Out in the garage in a couple of plastic tubs sits our Christmas . . . and what a Christmas it was. It was such an enjoyable day. My one big goal this month was to enjoy each day and neither wish one away or hang on to one too tightly. I’m feeling very goal-y and like maybe I should set monthly goals from now on instead of yearly ones.

On Christmas Eve while Calvin still worked on projects in the shop, Abe, Ande and I went sledding. We have 10-12 inches of powdered snow and Abe pulled me and Ande around on an inner-tube behind the four wheeler. We froze. As we rode along and the icy snow blew in our faces, I thought:

--“This is so absolutely ridiculous we could get in a car and virtually have the same experience—moving at a pace faster than we can walk—and we’d be warm without the wet or cold, but this? This is freezing fun and riding in a car is not. ”

--“How did the pioneers and early settlers make it through this cold? How?”

--"Almanzo Wilder is a hero for getting people wheat in -40 degree temps."

After we were sufficiently soaked and freezing, Ande and I came in and built the fire bigger to warm up while Calvin and Abe went to the feed store to get a real sled (that looks like a water trough . . . in fact, I think I’ll fill it with pop and ice next summer it’s such a versatile thing). We went back outside for a few more rides and then came in to make turtles—which quickly grew into a half a dozen other recipes, too.

I can see that if I’ve spent three paragraphs on one subject, this will be a thesis or dissertation (without the intelligence) so I’m going to change formats and list a few highlights of the last week instead:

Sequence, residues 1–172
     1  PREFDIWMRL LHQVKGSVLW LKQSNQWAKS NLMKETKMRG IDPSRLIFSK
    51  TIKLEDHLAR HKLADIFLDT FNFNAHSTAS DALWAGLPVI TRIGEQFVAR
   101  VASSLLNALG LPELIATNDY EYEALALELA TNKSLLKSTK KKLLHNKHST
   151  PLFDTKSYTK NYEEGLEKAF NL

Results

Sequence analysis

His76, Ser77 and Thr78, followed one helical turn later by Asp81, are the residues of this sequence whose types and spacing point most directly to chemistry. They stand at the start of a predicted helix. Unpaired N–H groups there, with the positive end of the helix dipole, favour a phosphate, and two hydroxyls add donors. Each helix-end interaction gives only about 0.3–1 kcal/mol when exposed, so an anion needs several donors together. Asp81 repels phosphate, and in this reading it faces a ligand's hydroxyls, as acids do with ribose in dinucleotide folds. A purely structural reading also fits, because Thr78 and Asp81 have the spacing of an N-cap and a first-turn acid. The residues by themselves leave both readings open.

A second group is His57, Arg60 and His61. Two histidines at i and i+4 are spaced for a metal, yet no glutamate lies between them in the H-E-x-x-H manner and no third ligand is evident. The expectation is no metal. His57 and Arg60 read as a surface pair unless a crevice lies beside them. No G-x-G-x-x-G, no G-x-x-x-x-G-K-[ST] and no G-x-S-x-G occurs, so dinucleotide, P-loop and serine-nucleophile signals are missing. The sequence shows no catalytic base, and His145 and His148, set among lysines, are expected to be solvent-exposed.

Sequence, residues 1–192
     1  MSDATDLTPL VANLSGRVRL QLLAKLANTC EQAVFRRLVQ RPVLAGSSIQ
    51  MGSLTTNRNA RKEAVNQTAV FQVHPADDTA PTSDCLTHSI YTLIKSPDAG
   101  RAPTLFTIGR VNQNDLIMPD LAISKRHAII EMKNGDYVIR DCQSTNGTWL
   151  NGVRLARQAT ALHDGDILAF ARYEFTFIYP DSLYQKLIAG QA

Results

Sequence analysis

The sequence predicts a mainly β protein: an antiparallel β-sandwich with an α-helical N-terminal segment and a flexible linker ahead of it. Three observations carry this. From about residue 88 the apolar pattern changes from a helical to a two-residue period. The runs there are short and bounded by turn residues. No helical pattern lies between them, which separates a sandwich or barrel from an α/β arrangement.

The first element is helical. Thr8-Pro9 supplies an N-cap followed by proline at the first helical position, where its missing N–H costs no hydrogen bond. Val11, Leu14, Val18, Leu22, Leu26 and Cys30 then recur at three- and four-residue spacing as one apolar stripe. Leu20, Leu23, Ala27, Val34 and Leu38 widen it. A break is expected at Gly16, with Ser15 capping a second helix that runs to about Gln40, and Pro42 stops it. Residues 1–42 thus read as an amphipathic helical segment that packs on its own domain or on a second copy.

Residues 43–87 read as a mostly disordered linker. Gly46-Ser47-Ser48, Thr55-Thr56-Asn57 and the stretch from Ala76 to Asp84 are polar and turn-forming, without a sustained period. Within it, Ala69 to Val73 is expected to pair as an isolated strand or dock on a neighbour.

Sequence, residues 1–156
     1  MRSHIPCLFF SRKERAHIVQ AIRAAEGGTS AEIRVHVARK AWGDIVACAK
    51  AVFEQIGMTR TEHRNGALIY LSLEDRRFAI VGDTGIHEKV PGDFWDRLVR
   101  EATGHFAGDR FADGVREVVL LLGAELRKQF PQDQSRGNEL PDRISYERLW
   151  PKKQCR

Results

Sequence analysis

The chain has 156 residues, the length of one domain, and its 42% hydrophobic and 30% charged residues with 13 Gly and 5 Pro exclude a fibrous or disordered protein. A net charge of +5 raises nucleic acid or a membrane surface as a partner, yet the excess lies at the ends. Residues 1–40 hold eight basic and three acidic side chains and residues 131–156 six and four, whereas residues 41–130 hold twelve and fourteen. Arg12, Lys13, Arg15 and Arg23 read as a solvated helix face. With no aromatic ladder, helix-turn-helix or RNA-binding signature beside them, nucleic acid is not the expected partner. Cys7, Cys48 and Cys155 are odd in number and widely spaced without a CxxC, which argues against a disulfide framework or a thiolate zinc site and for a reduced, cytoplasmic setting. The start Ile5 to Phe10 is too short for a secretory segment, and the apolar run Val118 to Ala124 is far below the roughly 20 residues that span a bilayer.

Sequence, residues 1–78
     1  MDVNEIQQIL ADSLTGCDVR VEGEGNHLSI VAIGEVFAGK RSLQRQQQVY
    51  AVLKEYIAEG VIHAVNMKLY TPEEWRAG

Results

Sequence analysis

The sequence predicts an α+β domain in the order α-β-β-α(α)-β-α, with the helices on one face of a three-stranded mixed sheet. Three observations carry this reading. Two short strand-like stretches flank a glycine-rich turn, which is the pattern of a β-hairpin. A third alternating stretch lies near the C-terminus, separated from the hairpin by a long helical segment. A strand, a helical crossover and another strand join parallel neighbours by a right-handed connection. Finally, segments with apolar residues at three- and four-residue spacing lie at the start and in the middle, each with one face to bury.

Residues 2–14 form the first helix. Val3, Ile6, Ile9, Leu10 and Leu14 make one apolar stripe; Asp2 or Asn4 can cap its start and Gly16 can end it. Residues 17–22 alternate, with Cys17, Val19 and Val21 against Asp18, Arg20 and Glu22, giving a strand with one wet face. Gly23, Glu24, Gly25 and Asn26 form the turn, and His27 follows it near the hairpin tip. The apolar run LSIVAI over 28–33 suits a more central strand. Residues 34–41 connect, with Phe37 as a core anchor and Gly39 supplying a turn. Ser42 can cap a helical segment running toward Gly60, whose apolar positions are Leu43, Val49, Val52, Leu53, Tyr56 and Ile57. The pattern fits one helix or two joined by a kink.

--The gifts. The family gave me such incredibly thoughtful gifts:

Ande drew me a picture of things that I’ve given her (a lamp sits on two books; one is The Great Brain and the other a book of Robert Frost Poems. She said I taught her to love to read and that love and interest has grown and expanded). The picture has several other symbols unique and complimentary to my role as her mother. I just love it. It sits on a shelf in the living room where I can see it several times a day.

Abe gave me iPod attachments. I got an iPod a long time ago but have never used it. It seemed too expensive and I considered returning it. Then Abe downloaded everything on it for me and others needed parts from it so it sat full but unuseable for six months. But now? Now it has parts and is loaded and Abe will teach me to love it.

Cali and Ray gave me a plane ticket to see my sister in Oklahoma during spring break. I cannot wait to go and spend time with her and her family. I will see an armadillo, but hope I don’t see a water moccasin.

Calvin gave me muck boots. Oh, they are so handy and nice. They slip on, are warm and durable. He knows me. Then he and Ande also gave me a 24” Cri-cut. Later, when Calvin and I were alone in the kitchen I whispered to him that I was going to return it because it was too expensive. He got real stern and said, “I have a whole shop full of wood tools to help me do what I do, you need tools to help you.” I will keep it and do my best to get their money’s worth out of it.

We have a tradition as part of our Christmas Eve program to sit in a circle and write three things that we love and appreciate about each other on a sheet of paper. When everyone has had a turn to write, we roll the papers up and tape them closed and put them in the tree to open Christmas evening. We all love this tradition, especially because for the last four Christmases we’ve had a missionary serving and this is one tradition they can participate in being far from home. We e-mail the appreciations expressed for them and they e-mail our appreciations back. Ty sent his list . . . and it was just like he was in the room: